‘India can do without a highly militarised autocratic neighbour in the south’ - paper
[TamilNet, Wednesday, 29 June 2011, 04:39 GMT]
India’s political engagement and generous financial assistance are not bringing about an equitable post-war settlement Sri Lanka, and instead an authoritarian government and a dangerously powerful military have emerged, The Pioneer newspaper warned Wednesday in an editorial titled 'Necessary Intervention' . “[India’s] policies and initiatives have fallen tragically short [but] South Block has been reluctant to … press for more reforms and greater accountability. This must change. … Rajapaksa should be asked to keep his promises,” India’s oldest English language newspaper argued.
The full text of The Pioneer’s editorial follows:
For long now India has enjoyed a high level of influence over Sri Lanka. Yet, despite its long-standing relationship with Colombo, New Delhi’s attempts to encourage its southern neighbour to address crucial post-war challenges and work towards sustainable peace has only met with limited success.
Active political engagement and a generous financial assistance package have failed to convince President Mahinda Rajapaksa to bring about an equitable post-war settlement in the country.
Consequently, Sri Lanka now runs the risk of an authoritarian Government and a dangerously powerful military. This does not bode well for India. Already saddled with a failed, terrorist state in its west and a young, floundering democracy in the north, India can do without a highly militarised autocratic neighbour in the south. To this extent, it is imperative that New Delhi work with Colombo to lay the foundation of a strong democratic state.
Since the defeat of the Liberation Tigers of Tamil Eelam in May 2009, India has focussed on providing humanitarian assistance to displaced Tamils located in the north and the east of Sri Lanka, while negotiating with that country’s Government to devolve power to the Tamils in areas where they are the majority so as to resolve the long-drawn ethnic conflict between them and the Sinhalese, who form the majority in the rest of the country.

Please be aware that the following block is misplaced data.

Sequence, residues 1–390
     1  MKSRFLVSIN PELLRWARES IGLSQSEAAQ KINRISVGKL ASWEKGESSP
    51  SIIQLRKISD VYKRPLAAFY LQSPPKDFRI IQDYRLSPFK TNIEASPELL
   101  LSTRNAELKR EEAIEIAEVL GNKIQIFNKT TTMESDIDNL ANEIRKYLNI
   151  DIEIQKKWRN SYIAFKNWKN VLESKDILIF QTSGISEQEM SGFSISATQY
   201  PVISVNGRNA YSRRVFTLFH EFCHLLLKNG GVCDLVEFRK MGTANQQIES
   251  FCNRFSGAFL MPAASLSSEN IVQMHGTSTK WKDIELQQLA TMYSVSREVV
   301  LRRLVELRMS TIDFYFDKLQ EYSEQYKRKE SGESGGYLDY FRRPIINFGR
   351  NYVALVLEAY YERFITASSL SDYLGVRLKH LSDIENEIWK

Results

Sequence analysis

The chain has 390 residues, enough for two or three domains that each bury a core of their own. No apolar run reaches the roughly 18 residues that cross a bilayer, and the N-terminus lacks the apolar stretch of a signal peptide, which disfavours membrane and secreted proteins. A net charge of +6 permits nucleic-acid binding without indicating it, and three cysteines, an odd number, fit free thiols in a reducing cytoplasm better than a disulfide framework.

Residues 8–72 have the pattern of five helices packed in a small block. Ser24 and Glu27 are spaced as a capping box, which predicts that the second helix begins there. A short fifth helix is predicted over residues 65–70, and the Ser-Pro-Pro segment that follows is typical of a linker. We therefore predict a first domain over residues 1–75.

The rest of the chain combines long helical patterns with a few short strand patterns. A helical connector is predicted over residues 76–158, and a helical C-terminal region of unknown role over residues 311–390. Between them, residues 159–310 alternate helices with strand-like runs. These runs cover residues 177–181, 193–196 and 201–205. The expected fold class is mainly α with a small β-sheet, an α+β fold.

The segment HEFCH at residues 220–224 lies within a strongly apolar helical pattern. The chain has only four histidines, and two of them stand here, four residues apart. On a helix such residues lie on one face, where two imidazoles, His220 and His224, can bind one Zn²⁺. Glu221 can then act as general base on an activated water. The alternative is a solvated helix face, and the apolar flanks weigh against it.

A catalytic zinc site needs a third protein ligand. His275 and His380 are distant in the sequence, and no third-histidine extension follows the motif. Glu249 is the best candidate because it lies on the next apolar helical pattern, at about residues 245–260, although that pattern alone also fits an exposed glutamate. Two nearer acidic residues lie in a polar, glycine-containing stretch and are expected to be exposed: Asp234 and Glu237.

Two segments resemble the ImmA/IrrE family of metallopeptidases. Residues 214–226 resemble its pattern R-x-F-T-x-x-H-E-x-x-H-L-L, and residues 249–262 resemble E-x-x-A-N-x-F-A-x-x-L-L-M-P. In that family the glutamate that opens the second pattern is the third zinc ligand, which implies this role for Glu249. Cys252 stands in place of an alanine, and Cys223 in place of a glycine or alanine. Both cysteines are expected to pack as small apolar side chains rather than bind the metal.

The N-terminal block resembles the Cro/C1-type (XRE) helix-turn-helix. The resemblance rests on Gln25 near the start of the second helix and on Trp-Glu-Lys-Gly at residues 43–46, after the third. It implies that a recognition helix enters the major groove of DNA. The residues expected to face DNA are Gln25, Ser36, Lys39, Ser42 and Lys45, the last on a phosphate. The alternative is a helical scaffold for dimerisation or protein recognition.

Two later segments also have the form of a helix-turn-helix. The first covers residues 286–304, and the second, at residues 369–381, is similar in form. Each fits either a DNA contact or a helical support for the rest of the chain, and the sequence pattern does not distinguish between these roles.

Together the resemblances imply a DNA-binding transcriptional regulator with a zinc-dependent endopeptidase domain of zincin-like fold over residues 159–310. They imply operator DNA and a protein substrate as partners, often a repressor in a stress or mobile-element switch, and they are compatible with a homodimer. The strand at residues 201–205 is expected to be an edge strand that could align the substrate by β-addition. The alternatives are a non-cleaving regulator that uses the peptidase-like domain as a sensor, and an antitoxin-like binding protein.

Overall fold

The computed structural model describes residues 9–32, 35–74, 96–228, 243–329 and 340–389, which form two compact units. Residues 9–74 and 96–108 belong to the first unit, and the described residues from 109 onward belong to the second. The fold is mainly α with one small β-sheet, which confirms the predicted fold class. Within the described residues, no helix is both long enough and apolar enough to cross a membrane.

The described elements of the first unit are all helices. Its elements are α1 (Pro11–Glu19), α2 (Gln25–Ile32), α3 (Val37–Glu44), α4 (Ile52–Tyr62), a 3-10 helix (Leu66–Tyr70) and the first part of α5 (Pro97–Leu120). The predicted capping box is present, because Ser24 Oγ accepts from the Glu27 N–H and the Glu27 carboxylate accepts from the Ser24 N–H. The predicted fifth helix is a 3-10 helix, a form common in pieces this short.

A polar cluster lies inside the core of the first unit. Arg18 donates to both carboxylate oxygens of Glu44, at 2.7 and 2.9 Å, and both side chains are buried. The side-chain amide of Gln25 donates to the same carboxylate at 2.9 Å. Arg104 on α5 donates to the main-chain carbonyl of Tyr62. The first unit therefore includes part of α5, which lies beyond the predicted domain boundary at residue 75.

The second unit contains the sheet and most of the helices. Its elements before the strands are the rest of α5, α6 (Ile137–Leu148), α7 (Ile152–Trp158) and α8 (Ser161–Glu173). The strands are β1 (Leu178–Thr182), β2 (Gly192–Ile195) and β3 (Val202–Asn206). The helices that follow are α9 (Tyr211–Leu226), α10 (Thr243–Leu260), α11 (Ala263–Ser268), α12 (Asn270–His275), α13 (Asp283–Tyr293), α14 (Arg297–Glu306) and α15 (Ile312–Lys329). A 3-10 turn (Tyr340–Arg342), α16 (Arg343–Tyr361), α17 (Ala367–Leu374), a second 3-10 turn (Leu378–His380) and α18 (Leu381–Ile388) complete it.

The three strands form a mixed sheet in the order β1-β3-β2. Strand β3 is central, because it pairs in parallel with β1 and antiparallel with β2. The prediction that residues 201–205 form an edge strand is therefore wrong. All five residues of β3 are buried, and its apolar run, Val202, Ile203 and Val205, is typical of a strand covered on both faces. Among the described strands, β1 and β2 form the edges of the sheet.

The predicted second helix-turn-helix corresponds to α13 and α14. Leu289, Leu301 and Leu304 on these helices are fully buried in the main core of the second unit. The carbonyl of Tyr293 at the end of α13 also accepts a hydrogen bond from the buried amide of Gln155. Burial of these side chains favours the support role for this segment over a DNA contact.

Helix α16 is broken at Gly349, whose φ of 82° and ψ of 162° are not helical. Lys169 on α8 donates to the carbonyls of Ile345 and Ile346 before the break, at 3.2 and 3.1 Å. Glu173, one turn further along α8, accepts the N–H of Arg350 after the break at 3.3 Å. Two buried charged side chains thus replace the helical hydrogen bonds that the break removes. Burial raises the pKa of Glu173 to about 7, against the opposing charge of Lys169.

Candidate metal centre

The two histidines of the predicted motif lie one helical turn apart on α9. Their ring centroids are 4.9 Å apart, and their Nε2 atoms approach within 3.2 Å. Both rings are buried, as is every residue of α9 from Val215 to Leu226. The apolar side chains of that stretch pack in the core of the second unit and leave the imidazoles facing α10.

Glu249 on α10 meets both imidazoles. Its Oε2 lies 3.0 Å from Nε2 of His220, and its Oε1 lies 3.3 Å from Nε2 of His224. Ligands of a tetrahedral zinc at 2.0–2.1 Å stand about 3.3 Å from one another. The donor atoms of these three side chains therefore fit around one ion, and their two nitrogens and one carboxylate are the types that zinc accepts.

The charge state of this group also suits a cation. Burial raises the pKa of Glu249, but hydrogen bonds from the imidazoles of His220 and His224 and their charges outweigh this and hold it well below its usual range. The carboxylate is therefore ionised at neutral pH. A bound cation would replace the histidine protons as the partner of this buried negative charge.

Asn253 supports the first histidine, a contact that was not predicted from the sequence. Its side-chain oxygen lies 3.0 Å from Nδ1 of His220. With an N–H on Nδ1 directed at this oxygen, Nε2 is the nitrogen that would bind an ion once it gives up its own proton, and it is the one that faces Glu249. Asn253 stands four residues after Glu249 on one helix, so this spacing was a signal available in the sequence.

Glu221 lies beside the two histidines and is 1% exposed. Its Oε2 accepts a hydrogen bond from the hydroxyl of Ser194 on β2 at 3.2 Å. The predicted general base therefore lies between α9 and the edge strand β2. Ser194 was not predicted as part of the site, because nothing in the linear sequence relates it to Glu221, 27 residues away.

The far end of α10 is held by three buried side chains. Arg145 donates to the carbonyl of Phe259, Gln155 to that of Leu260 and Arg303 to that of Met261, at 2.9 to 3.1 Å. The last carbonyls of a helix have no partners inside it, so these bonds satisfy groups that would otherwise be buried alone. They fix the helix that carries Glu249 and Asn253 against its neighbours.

Additionally, India also supports several major development projects and is working to bring about greater economic integration. However, these policies and initiatives have fallen tragically short: In the face of widespread Sinhalisation, Sri Lankan Tamils continue to be politically marginalised while increased militarisation of the northern province has left them feeling more insecure than ever before. In the rest of the country, democratic institutions remain under constant threat especially as political power becomes concentrated in the hands of Mr Rajapaksa, his family and the military.
In this context, New Delhi would do well to encourage Colombo to show better results. India’s unequivocal support to Mr Rajapaksa as his Government fought to defeat the much despised LTTE should have fetched India greater leverage but South Block has been reluctant to use that to press for more reforms and greater accountability. This must change: Not only because a politically stable and peaceful Sri Lanka is strategic to Indian interests but because China’s increasing influence in that country must also be contained. India has vast economic interests, as well as security interests in Sri Lanka, and China must not be allowed to threaten those. Mr Rajapaksa, who has been courting the Chinese while gladly accepting Indian assistance, should be asked to keep his promises.